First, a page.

Danger after the bite:
1) Ensure you and the casualty are safe and the snake is not still close.
2) As far as the snake is concerned – do not attempt to kill it as this may be dangerous. However, if the snake has already been killed, it should be taken to the hospital with the patient in case it can be identified. However, do not handle the snake with your bare hands as even a severed head can bite up to one hour after its death!
3) Take a note of the time.
4) Check that the casualty did see it was a snake that bit them. This could be a rodent or Lizard or even a thorn.
5) The snakebite victim should be transported as quickly and as passively as possible to the nearest place where they can be seen by a medically-trained person
First-aid treatment Principles of first-aid:
- Remain calm, Reassure the casualty who may be very anxious
Immobilize the bitten arm or leg, and stay as quiet as possible to keep the poison from spreading through your body too fast.
- Remove jewellery before any swelling starts. ( Give jewellery to casualty to hold ) • Position yourself, if possible, so that the bite is at or below the level of your heart.
- Apply a splint to reduce movement of the affected area, but keep it loose enough so as not to restrict blood flow. Use a compression bandage in attempt to slow venom movement only.
- Don’t use a tourniquet or apply ice.
- Don’t cut or suck the wound or attempt to remove the venom, rubbing, vigorous cleaning, massage, application of herbs or chemicals.
- Don’t drink caffeine or alcohol.
- Don’t try to capture the snake, but try to remember its colour and shape so you can describe it in the Hospital, this will help in your treatment. (take a photo) but do not waste time in doing so . Remember the circumstances of the event, where the casualty was type of area are important as identification of the snake might be done like this..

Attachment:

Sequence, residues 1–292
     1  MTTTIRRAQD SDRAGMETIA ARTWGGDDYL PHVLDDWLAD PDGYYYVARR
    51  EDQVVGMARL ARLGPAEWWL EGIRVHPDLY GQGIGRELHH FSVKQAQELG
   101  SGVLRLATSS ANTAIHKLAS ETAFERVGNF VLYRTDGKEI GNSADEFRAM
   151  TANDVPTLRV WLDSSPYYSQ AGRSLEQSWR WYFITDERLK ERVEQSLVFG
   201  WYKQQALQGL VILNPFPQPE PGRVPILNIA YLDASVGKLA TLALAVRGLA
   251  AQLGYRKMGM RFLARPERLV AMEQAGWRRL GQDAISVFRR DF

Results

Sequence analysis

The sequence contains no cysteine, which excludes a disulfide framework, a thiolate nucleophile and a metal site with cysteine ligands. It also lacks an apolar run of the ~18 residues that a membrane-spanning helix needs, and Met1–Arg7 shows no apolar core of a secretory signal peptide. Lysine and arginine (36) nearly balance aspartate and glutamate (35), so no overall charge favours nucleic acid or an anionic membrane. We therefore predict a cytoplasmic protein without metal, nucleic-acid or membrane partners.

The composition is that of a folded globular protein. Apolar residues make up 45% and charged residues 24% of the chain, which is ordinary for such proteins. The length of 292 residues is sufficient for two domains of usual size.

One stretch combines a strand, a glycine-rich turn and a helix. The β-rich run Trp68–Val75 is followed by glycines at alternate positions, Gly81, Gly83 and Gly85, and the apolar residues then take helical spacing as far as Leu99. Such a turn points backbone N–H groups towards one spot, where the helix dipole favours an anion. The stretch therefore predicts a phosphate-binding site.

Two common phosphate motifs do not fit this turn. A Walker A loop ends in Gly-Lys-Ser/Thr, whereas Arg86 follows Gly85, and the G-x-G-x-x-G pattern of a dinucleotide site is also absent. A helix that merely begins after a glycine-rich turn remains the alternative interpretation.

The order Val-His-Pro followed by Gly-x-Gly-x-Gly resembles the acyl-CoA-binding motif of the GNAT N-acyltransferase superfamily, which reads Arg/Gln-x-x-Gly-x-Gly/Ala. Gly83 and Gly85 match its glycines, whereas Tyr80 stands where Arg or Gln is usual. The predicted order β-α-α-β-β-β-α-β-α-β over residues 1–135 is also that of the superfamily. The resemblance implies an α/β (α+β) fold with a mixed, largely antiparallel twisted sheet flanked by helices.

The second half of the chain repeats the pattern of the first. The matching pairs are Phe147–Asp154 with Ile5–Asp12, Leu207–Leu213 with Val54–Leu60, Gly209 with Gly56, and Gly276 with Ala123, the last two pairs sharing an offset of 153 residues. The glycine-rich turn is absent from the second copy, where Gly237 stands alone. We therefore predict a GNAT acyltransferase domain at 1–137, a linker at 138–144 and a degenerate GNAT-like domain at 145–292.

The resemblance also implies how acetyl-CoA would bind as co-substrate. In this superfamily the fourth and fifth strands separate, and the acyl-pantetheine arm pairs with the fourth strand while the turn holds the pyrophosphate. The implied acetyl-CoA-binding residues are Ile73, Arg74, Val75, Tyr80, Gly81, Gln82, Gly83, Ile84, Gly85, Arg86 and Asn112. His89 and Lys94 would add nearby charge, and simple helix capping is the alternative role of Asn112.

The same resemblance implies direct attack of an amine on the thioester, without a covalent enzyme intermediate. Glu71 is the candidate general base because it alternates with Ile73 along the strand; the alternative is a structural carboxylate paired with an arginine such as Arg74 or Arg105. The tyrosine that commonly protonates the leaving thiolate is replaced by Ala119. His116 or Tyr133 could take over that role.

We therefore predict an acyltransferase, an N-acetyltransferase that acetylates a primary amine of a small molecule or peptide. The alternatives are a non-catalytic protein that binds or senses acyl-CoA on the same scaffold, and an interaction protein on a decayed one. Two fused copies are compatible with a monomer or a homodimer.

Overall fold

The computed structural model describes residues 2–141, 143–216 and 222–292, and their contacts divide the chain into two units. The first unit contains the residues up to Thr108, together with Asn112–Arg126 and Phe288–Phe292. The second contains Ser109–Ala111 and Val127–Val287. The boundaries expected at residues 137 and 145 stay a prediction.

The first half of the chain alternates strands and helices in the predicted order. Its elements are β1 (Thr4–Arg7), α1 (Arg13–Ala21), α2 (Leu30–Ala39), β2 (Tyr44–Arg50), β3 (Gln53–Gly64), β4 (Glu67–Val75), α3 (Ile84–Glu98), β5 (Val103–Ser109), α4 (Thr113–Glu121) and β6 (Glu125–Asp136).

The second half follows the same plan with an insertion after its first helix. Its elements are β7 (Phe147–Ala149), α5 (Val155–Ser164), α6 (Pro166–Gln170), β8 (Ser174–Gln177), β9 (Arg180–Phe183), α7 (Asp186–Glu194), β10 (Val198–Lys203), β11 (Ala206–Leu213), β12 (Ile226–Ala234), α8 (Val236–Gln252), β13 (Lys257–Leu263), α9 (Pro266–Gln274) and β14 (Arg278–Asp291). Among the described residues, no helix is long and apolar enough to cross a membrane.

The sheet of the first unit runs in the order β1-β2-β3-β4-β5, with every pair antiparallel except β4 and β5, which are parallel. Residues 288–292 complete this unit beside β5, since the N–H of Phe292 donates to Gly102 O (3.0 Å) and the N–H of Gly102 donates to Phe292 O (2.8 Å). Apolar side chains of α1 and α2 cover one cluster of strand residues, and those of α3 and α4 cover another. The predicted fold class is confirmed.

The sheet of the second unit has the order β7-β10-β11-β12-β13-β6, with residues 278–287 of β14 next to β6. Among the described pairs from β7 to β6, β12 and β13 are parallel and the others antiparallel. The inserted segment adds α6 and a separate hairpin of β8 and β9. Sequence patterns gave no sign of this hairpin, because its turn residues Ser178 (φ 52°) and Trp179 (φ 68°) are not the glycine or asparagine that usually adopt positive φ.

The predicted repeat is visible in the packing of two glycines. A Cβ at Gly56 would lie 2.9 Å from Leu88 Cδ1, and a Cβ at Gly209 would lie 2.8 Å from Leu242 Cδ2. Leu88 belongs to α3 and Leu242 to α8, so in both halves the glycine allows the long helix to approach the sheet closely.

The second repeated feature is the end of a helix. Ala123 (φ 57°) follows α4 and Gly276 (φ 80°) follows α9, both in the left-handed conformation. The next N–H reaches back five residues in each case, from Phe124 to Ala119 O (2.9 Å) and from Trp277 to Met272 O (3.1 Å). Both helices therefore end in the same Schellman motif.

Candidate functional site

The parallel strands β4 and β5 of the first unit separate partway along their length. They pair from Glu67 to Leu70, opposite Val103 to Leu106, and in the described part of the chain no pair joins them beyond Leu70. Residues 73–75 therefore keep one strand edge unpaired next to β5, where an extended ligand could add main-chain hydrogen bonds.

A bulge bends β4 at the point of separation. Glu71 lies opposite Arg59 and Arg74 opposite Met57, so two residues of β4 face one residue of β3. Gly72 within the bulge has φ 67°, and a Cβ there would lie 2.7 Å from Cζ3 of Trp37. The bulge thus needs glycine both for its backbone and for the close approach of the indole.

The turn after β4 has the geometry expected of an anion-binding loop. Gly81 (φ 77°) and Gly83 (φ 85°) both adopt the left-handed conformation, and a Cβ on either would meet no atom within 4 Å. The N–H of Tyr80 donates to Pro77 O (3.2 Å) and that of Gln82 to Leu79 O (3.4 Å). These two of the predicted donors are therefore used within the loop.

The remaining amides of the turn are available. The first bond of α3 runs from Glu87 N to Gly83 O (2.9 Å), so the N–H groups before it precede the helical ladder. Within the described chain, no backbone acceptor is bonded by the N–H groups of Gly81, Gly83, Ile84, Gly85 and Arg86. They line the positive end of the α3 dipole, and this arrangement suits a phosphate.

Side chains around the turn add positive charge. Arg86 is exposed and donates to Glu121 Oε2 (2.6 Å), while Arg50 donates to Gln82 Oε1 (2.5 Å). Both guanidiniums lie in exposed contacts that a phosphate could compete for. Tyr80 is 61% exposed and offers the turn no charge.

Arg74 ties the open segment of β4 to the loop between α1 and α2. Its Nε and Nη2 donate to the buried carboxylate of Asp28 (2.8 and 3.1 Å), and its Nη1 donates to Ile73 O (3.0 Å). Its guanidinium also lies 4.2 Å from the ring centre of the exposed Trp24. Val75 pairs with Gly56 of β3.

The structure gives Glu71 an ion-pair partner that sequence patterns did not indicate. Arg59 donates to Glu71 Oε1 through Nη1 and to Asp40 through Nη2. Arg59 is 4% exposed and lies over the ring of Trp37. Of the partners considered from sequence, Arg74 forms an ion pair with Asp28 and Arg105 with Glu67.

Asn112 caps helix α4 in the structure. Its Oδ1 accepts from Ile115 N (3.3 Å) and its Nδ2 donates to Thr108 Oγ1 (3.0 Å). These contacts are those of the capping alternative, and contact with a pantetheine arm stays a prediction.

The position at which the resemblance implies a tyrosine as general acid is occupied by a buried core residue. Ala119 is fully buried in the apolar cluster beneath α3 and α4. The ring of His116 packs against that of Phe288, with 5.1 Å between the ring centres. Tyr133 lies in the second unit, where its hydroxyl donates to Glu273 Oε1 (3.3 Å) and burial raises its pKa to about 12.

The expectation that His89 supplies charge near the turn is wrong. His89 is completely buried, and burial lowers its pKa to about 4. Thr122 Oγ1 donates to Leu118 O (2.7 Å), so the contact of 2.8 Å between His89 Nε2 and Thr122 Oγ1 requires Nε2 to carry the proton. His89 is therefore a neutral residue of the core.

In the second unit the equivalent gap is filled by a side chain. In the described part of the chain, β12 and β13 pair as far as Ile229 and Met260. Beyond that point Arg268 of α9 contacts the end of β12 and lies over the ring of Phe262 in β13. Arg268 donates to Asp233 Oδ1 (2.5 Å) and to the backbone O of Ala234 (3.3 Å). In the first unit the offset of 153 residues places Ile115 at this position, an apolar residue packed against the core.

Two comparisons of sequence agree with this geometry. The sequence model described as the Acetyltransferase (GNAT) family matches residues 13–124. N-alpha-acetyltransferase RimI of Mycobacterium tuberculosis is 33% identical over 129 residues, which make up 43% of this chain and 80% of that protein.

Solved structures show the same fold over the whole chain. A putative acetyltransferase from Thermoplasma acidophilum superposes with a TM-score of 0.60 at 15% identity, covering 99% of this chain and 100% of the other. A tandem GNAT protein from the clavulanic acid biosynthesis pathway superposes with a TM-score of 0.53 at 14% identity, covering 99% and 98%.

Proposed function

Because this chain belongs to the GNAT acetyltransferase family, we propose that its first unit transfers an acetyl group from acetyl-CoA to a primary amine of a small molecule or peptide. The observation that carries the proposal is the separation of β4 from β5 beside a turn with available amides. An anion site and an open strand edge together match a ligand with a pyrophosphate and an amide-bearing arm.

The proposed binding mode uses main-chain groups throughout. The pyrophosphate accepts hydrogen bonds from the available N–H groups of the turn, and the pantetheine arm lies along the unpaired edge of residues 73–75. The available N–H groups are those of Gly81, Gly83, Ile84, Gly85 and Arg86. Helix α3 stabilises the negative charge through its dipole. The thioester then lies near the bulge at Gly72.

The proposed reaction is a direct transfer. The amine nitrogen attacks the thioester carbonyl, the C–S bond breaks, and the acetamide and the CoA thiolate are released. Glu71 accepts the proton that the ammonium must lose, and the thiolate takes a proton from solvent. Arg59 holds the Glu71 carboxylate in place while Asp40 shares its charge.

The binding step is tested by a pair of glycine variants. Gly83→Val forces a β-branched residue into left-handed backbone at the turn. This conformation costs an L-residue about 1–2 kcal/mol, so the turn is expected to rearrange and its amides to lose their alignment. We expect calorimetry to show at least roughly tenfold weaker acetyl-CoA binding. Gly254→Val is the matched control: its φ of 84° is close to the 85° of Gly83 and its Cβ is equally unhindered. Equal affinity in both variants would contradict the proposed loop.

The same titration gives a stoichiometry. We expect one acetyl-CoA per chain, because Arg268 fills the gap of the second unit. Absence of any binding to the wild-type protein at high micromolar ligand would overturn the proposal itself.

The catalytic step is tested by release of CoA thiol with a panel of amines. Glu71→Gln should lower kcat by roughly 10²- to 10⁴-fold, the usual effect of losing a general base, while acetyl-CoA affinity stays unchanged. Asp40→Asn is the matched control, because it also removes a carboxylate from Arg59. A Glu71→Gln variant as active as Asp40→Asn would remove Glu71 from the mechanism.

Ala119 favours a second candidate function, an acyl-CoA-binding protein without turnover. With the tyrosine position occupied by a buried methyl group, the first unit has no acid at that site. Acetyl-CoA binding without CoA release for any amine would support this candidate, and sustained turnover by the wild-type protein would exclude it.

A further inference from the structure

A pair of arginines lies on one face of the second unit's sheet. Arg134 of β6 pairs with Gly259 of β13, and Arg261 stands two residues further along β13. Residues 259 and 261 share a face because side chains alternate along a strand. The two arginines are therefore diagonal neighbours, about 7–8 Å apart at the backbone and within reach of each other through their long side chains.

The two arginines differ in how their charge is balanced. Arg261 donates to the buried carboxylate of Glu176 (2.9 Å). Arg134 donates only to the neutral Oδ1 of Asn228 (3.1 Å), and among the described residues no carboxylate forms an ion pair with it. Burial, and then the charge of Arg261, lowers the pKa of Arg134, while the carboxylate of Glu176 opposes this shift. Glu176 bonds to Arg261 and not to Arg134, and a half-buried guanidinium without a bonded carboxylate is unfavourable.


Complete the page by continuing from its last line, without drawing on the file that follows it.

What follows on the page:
- If EMS are available, do not move the patient, monitor breathing and coconsciousness, note changes or on set of symptoms with the time. This might help the Hospital.
- Be prepaid to treat for shock, keep them calm.
- In a small number of people, a snake bite can trigger a severe reaction, known as anaphylaxis or anaphylactic shock.
- Be ready to put in recover position and monitor breathing, should they stop breathing undertake CPR till EMS get there.( re- phone EMS with significant changes).
- If EMS are NOT available, take a few mins to assess your best options to move the patient with least amount of movement and fastest way to a road. Get transport in position close and ready to move to hospital. Try get them out without walking.
- Alert the hospital your arriving with snake bite victim or EMS to meet you at nearest position ( send your WhatsApp or Google position by mobile)
Symptoms and signs of snake-bite when venom has not been injected
Not all snake bites involve the discharge of venom into the victim (known as envenomation). At least 25% of poisonous snake bites do not result in envenomation.
Some people who are bitten by snakes or suspect or imagine that they have been bitten, may develop quite striking symptoms and signs even when no venom has been injected. This results from an understandable fear of the consequences of a real venomous bite. Anxious people may over-breathe so that they develop pins and needles of the extremities, stiffness or tenderness of their hands and feet and dizziness. Others may develop shock after the bite or suspected bite-faintness and collapse with profound slowing of the heart.